International Tax & Your Small Business: Some Thoughts in San Francisco

Filed in CPA Blog by on June 9, 2014
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International business is no longer the province of large corporations. In cities as diverse as San Francisco or Los Angeles, or even smaller cities in California, more and more small businesses can embrace international trade. At Safe Harbor LLP, we advise businesses on international tax issues, and form one of the top CPA firms in San Francisco for International tax. In this blog post, we will examine some issues on International tax, especially the so-called IC-DISC (Domestic International Sales Corporation).

Planning to Prevent International Tax Surprises: the Global Position

International Tax TipsNot long ago, international business was the domain of large corporations. Today, the Internet, advances in freight and logistics, and other developments have made global markets accessible to even the smallest businesses.

But just because some barriers have been lowered doesn’t mean doing business internationally is easy. In fact, it’s a complex process that requires a company to establish the necessary infrastructure, develop an understanding of foreign cultures, and prepare for a new tax environment. Careful tax planning can help you set up your international business in a manner that minimizes worldwide taxes and maximizes cash flow. Let’s take a closer look at some of the issues you should consider.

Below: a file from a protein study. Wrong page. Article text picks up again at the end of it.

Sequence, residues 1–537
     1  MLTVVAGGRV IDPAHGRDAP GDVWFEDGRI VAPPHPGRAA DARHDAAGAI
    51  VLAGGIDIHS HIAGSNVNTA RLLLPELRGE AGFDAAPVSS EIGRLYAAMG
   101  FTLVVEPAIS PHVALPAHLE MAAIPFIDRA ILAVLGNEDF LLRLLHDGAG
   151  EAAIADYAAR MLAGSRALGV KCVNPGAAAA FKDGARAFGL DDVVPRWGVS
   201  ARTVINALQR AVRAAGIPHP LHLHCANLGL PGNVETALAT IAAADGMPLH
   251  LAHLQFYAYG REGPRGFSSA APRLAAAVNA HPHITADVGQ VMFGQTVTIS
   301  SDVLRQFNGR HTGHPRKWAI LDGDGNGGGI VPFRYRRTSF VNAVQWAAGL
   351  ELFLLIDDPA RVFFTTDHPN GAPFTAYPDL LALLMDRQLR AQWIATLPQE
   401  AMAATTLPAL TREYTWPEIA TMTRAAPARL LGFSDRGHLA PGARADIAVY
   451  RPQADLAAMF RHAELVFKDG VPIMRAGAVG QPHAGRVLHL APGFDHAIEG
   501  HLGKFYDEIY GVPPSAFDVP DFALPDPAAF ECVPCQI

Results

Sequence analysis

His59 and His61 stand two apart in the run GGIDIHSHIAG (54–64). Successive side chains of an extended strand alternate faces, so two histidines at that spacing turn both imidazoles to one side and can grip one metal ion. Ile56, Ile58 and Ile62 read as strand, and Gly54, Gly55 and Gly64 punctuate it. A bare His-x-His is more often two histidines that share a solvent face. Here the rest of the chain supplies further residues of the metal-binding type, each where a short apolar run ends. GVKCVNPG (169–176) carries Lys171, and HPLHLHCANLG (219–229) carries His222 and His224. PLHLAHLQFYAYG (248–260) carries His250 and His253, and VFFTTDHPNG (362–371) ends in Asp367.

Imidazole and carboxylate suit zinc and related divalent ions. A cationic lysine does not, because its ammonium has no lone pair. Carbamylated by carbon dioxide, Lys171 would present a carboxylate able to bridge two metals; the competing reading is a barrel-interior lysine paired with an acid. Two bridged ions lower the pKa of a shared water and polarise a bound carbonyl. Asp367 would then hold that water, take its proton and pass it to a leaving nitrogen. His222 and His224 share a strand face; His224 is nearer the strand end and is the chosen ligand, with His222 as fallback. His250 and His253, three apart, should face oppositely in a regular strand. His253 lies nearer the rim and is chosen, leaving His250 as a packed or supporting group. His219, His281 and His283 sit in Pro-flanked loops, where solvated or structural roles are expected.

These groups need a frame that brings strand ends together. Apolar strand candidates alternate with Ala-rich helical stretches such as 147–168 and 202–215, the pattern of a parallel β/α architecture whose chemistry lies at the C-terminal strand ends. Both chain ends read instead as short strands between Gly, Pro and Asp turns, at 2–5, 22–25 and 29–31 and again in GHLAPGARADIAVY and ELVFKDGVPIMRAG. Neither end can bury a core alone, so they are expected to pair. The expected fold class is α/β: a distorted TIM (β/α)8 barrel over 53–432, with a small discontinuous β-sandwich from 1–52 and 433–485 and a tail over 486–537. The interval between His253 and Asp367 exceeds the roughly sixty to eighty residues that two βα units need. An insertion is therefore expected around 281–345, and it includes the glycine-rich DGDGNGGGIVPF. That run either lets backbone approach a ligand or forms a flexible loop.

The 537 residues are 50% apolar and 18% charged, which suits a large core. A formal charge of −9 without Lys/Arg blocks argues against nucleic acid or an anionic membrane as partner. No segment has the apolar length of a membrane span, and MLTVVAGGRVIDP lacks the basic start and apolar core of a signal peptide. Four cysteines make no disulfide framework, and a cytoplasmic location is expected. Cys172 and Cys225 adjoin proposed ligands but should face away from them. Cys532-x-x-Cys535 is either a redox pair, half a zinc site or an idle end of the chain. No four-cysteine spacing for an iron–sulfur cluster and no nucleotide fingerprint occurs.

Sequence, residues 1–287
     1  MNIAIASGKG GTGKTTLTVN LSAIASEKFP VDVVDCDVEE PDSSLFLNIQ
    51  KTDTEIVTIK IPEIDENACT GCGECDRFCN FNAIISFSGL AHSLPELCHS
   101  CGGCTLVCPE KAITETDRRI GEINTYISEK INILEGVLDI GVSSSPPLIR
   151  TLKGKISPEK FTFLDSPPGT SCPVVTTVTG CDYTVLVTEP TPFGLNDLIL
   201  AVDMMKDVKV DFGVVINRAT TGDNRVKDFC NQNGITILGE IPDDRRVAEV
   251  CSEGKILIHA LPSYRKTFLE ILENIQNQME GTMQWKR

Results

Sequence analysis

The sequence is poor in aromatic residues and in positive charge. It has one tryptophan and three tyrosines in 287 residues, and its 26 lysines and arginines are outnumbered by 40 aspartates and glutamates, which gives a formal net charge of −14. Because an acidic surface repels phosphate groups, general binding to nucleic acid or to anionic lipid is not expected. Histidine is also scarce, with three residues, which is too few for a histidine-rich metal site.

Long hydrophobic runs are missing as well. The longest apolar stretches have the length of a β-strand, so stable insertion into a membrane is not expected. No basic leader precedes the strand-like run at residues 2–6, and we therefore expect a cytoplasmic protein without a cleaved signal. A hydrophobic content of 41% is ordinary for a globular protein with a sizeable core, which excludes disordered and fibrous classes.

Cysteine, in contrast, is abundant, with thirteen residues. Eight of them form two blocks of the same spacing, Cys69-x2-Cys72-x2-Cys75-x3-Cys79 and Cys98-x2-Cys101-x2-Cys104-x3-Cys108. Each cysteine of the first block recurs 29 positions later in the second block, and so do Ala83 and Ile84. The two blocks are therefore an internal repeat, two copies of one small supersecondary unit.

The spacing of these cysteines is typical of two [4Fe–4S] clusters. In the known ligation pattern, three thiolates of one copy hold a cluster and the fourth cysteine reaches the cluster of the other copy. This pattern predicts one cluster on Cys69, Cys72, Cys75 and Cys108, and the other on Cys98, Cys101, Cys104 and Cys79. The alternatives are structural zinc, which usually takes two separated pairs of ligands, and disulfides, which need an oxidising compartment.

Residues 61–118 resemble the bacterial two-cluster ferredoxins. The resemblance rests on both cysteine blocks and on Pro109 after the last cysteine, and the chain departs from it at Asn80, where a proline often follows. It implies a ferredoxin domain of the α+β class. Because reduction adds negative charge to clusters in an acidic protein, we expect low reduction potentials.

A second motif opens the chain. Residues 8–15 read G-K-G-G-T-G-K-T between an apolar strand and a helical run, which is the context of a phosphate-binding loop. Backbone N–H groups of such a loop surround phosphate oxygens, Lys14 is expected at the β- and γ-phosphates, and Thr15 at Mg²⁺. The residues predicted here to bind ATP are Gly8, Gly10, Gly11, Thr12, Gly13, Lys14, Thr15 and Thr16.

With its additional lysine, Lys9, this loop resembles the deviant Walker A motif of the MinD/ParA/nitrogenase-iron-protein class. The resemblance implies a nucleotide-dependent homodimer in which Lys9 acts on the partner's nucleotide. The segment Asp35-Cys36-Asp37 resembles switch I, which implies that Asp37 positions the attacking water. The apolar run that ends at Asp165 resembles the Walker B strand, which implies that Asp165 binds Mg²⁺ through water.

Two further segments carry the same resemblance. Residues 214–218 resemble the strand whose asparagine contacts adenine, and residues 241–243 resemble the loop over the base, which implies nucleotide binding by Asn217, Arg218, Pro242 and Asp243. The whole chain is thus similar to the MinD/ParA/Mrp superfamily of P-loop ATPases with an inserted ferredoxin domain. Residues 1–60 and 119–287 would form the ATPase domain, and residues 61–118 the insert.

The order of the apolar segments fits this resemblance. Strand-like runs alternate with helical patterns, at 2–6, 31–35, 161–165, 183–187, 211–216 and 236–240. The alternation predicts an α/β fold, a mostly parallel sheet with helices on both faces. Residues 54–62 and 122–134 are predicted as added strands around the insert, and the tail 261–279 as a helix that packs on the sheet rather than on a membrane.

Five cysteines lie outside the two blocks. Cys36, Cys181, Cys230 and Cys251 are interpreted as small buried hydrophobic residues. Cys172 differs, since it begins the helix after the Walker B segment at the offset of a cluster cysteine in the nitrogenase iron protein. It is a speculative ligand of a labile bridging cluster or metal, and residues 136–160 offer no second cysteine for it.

Structuring Your Corporation for International Tax Advantages

There are many ways to do business abroad, including direct exporting, a joint venture with a foreign partner, acquiring a foreign company, or establishing a new foreign subsidiary or division. The right strategy depends on several factors, including the laws of the country in which you wish to do business and the level of control you seek.

The structure of your global operations also has significant tax implications. Suppose, for example, that your business operates as an S corporation. Without careful planning, you may find yourself subject to double taxation on foreign income, paying corporate-level taxes in the foreign country and individual-level taxes in the United States.

You can minimize or eliminate double taxation by setting up a hybrid structure — that is, one that’s treated as a taxable entity in one country and a pass-through entity in another — and filing the appropriate elections. These structures allow foreign corporate-level taxes to flow through to the individual owners as credits against U.S. income tax. There may still be double taxation, however, to the extent that the foreign tax rates are higher than an owner’s U.S. income tax rate.

Corporate structure also affects a company’s ability to take advantage of foreign losses or to defer U.S. taxes on foreign income. For example, if a foreign operation is structured as a hybrid entity or as a branch or division, the owners may enjoy significant tax benefits by deducting foreign losses (subject to passive activity loss rules and other restrictions).